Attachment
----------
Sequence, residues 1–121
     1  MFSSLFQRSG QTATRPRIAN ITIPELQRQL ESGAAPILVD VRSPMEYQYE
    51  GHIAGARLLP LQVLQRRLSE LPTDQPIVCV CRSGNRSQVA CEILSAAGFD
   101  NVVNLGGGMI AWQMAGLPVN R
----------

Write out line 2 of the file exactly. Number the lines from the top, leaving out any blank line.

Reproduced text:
     1  MFSSLFQRSG QTATRPRIAN ITIPELQRQL ESGAAPILVD VRSPMEYQYE